The Art of the Americans

The taproots of American productions in both continents go deep into the Indian culture. In South America and in North America south of the Rio Grande, the native Indian population is ethnically the largest group. Into this great underlying stratum of indigenous American culture flowed first, in Central and South America, a Spanish strain. Before 1800, to the more sparsely populated North America came French, English, Dutch, and German groups. These were followed by German revolutionaries, the Irish, the Italians, and from 1910 on, by great Slavic migrations, bringing their colorful folk arts from the Balkans and Western Asia. All through these years the Africans brought into our literature and music their rich underlying rhythms and soft harmonious speech.

Although the majority population in the United States is of Celto-Germanic origin, it has assimilated elements from Indian, African, and Mediterranean cultures, so that the fundamentally Gothic art which it would naturally have created has been transformed into a new form, more nearly universal in style and international in its message. This poetic ideology, expressed in the four quotations heading this chapter, has not yet found its expression in a satisfactory graphic and plastic form necessary for complete definition of the American idea of beauty. One cannot fully visualize the American art of the future until he has examined the folk legends and mythology of the various groups represented. Considering these legends and the primitive rhythms of the dances accompanying them, one gains a new conception of the meaning of American art. It is broader than that presented by Paul Claudel, who derived all from the dynamo.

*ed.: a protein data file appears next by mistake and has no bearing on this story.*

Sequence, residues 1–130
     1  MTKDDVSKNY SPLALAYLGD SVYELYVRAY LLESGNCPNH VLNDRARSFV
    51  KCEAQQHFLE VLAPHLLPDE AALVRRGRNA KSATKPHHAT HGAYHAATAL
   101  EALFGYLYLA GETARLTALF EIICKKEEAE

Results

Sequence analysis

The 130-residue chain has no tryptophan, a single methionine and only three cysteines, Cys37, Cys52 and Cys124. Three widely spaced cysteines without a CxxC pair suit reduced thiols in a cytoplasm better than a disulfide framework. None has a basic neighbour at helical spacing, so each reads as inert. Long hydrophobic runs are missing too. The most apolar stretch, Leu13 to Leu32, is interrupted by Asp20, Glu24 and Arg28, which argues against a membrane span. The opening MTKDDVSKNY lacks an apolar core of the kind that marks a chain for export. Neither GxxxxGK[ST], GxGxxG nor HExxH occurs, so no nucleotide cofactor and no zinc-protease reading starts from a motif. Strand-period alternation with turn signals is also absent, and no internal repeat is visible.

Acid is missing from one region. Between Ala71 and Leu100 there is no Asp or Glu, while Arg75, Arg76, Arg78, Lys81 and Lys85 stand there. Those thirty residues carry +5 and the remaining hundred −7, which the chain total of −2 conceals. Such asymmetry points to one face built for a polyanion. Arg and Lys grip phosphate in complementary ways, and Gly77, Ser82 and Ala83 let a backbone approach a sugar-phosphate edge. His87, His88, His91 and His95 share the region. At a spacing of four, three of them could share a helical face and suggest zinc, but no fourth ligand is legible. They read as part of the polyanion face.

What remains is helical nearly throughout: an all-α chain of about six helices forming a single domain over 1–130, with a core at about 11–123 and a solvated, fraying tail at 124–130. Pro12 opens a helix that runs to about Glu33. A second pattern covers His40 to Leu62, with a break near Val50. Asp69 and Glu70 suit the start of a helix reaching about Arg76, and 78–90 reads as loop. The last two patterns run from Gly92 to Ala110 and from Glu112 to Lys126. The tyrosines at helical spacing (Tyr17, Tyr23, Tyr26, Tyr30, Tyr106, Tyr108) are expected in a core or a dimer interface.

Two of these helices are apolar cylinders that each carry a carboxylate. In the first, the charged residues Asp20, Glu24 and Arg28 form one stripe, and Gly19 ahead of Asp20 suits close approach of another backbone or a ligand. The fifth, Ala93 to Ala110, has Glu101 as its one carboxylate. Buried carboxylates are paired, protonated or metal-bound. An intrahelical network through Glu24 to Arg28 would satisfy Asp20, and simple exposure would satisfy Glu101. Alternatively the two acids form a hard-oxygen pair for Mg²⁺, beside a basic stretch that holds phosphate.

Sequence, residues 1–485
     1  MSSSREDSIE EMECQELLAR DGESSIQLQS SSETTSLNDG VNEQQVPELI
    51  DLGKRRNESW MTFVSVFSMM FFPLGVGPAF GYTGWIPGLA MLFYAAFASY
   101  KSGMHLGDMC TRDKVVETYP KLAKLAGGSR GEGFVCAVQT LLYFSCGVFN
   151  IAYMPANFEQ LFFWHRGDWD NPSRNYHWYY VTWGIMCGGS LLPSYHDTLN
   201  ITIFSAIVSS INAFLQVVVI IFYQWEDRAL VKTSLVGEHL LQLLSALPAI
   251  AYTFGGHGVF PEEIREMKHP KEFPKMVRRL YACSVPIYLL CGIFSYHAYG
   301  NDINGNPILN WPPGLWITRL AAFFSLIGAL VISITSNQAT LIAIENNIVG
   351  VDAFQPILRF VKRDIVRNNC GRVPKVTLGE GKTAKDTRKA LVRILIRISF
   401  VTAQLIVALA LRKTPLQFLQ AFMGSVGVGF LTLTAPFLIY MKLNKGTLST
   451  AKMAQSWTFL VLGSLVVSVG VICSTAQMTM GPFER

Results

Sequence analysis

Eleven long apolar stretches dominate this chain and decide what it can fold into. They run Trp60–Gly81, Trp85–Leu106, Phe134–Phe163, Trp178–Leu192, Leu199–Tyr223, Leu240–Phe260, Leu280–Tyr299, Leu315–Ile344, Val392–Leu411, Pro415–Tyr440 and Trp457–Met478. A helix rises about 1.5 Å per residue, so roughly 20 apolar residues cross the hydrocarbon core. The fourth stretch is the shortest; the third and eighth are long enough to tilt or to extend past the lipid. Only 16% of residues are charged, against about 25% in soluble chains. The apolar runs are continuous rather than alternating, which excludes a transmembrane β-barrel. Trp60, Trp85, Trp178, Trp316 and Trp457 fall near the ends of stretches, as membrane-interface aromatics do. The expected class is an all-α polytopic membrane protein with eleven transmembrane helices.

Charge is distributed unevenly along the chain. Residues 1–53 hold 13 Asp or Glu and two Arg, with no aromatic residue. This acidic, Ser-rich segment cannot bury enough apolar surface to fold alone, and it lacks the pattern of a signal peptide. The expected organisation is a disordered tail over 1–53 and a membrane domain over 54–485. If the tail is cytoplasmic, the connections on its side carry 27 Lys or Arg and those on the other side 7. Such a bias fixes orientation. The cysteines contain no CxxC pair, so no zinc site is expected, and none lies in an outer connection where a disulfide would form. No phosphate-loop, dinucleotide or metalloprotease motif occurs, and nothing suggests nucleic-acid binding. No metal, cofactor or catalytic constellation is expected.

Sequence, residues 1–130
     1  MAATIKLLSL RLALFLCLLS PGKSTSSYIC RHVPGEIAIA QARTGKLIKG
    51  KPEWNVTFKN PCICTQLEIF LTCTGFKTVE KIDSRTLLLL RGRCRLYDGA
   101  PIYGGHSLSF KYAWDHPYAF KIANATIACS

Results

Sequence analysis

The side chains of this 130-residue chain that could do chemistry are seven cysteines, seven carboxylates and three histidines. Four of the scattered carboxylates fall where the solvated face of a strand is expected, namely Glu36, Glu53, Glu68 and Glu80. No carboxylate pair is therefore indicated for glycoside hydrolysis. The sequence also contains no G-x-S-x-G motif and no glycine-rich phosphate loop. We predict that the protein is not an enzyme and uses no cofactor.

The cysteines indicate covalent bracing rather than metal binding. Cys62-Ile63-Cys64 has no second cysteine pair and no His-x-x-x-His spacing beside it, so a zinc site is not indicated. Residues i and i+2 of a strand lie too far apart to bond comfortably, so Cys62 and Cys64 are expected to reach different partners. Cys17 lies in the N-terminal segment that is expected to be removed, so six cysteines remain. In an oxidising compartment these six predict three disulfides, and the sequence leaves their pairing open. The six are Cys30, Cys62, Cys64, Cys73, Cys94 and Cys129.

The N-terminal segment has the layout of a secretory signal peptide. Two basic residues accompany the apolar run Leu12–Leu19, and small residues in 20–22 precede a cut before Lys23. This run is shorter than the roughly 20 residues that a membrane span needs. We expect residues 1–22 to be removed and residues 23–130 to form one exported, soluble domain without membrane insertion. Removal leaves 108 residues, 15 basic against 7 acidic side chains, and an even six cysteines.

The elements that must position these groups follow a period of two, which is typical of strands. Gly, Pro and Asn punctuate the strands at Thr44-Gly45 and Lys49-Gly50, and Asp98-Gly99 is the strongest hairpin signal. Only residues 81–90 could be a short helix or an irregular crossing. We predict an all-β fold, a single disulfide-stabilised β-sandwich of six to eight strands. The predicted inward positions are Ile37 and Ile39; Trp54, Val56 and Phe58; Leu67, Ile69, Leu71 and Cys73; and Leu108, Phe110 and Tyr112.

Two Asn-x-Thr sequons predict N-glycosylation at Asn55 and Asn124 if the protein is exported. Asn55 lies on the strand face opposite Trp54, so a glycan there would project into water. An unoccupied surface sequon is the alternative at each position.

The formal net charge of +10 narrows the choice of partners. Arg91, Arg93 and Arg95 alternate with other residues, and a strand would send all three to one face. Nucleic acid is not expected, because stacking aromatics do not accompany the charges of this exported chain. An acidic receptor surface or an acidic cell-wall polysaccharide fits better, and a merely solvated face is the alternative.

The inventive American, although capable of creating the dynamo, enjoys a feeling of power transcending the monotony of the assembly line. His construction of the machine, undertaken partly for the joy of creating new sources of power, also predestines him for the creation of a spatial art, energetic as the early Celto-Germanic interweave. Throughout American mythology one also finds a Promethean spirit, at times rough and humorous, at times melancholy and musical, which seeks expression in the temporal arts.

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